History of Dallas (1839–55)
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John Neely Bryan, looking for a good trading post to serve Native Americans and settlers, first surveyed the Dallas area in 1839. Bryan, who shared Sam Houston's insight into the wisdom of Native American customs, must have realized that Caddo trails he came across intersected at one of the few natural fords for hundreds of kilometers along the wide Trinity floodplain. At what became known as "Bryan's Bluff", the river, which was an impassable barrier of mud and water between late fall and early spring, narrowed like an hourglass where it crossed a ridge of Austin chalk, providing a hard rock ford that became the natural north-south route between Republic of Texas settlements and those of the expanding United States. Bryan also knew that the planned Preston Trail was to run near the ford — the north-south route and the ford at Bryan's Bluff became more important when the United States annexed Texas in 1845.
After Bryan surveyed the area, he returned home to Arkansas. While there, a treaty was signed removing all Native Americans from Northern Texas. When he returned in November 1841, half of his customers, the Native Americans, were gone. He decided that instead of creating a trading post, he would create a permanent settlement, which he founded the same month. About 22 miles (35 km) to the northwest of his settlement was a community called Bird's Fort — Bryan invited the settlers there to live in Dallas at his proposed city. John Beeman arrived in April 1842 and he planted the first corn. Other families soon followed suit, including members of the Peter's Colony settlement nearby.
John Neely Bryan was originally almost everything to Dallas: He was the postmaster, a storeowner, a ferry operator (he operated a ferry where Commerce Street crosses the Trinity River today), and his home served as the courthouse. In 1843, the first doctor arrived in Dallas; in 1845, the first lawyer made his home there. In 1845, the first election was held in Dallas over Texas' annexation into the United States. Of the 32 citizens eligible to vote, 29 voted for annexation and 3 voted against it.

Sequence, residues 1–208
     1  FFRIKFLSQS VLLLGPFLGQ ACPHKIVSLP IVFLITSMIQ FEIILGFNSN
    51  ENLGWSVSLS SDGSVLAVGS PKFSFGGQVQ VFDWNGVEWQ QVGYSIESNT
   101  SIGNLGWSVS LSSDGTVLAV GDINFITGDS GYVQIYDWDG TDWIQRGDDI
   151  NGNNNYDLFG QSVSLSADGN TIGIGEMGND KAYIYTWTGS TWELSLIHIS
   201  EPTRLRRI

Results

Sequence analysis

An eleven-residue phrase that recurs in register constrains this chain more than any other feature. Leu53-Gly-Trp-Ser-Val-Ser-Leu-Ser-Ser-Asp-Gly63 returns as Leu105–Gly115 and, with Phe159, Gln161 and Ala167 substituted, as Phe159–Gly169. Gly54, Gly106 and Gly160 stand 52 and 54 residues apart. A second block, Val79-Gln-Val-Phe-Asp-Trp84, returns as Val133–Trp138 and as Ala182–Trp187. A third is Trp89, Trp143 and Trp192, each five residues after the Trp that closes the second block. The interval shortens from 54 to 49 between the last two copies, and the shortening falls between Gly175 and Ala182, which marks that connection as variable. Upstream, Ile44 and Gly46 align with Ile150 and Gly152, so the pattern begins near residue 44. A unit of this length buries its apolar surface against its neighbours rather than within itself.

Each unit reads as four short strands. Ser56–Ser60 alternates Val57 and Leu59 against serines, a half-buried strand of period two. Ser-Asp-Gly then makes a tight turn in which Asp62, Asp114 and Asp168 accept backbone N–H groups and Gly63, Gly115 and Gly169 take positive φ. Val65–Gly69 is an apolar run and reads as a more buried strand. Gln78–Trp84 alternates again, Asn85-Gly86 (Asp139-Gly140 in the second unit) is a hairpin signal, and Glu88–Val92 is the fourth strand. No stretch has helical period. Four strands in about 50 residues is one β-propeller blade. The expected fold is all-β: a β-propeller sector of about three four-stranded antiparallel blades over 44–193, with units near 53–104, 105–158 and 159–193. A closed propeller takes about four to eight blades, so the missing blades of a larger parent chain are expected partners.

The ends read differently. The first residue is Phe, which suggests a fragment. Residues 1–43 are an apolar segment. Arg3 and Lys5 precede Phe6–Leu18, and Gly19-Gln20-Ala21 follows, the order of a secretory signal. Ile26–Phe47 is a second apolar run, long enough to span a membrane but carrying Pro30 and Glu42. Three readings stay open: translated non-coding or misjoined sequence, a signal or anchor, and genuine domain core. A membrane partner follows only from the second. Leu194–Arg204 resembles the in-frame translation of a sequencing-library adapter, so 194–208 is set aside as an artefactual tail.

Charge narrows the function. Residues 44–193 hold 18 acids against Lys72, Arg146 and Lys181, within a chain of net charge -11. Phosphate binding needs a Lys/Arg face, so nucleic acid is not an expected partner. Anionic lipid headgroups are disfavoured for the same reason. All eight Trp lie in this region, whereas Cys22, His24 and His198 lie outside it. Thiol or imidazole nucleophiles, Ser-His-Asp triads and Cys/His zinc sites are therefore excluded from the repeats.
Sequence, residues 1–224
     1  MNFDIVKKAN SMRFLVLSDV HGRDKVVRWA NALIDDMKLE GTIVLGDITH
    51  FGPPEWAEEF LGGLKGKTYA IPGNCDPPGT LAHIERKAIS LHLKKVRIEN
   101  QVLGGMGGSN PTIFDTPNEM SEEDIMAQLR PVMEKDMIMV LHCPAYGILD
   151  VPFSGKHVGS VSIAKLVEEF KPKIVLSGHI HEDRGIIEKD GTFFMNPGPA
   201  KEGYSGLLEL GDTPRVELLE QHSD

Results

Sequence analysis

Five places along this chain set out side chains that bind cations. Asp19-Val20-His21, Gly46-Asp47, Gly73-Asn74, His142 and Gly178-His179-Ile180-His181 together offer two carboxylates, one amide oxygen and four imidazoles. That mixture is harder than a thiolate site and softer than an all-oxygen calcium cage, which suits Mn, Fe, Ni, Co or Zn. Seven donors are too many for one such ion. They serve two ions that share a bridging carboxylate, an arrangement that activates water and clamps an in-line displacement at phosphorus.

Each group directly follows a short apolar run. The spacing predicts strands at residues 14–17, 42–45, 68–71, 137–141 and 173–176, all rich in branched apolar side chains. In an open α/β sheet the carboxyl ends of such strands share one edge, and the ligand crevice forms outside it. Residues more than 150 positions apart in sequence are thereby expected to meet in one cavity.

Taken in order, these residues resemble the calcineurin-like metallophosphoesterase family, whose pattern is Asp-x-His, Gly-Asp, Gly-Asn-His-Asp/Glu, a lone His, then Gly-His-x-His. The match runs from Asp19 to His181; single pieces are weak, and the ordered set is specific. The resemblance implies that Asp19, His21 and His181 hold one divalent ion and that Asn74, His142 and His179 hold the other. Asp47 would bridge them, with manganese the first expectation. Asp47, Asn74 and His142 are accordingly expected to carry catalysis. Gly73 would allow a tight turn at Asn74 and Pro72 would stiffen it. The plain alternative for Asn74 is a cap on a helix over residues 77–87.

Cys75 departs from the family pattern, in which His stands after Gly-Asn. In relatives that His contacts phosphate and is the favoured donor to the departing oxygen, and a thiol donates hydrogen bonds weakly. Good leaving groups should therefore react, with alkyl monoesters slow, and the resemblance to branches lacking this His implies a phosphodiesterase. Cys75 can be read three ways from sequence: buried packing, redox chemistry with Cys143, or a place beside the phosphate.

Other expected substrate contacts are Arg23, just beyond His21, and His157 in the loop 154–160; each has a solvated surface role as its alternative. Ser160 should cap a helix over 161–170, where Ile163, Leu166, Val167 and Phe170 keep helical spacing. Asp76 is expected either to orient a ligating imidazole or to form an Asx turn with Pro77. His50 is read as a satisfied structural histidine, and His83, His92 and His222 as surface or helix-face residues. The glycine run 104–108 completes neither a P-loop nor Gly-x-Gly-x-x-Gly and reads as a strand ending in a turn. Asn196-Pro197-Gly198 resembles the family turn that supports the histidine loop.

In 1844, John Neely Bryan convinced J. P. Dumas to survey and lay out a 0.5 square mile (1.3 km2) section of blocks and streets near what later became downtown Dallas. The establishment was named Dallas, and though it has been largely assumed that it was named after George Mifflin Dallas, who became Vice President the following March, there are problems with this theory. George M. Dallas lived in Philadelphia and never traveled very far west of the city, and Bryan had never traveled very far east of Memphis. It is doubtful that the two ever met, and there are at least seven other candidates:
- Named after George M. Dallas's brother Alexander James Dallas, a U.S. Navy commodore who was stationed in the Gulf of Mexico;
- Named after George's and Alexander's father, Alexander James Dallas, who was the United States Secretary of the Treasury around the end of the War of 1812;
- Named in a town-naming contest in 1842;
- Named after a friend of founder John Neely Bryan. His son later stated that Bryan claimed to have named the town "after my friend Dallas" (a person whose identity is not certain). John Neely Bryan later died in a psychiatric ward, so his "friend" may not have been a real person.
- Named after Joseph Dallas, who settled near Dallas in 1843
- Named after "Dallas", the modern version of the Scottish Gaelic word "Dalais" which means 'valley of water'
- Named after the Scottish village of Dallas, in Moray, after which a number of places worldwide are named and the most likely theory.
Dallas County was established in 1846 and the city of Dallas was set as the temporary county seat. In 1850, Dallas became the permanent seat over Cedar Springs and Hord's Ridge (Oak Cliff), both of which now lie within the city's limits.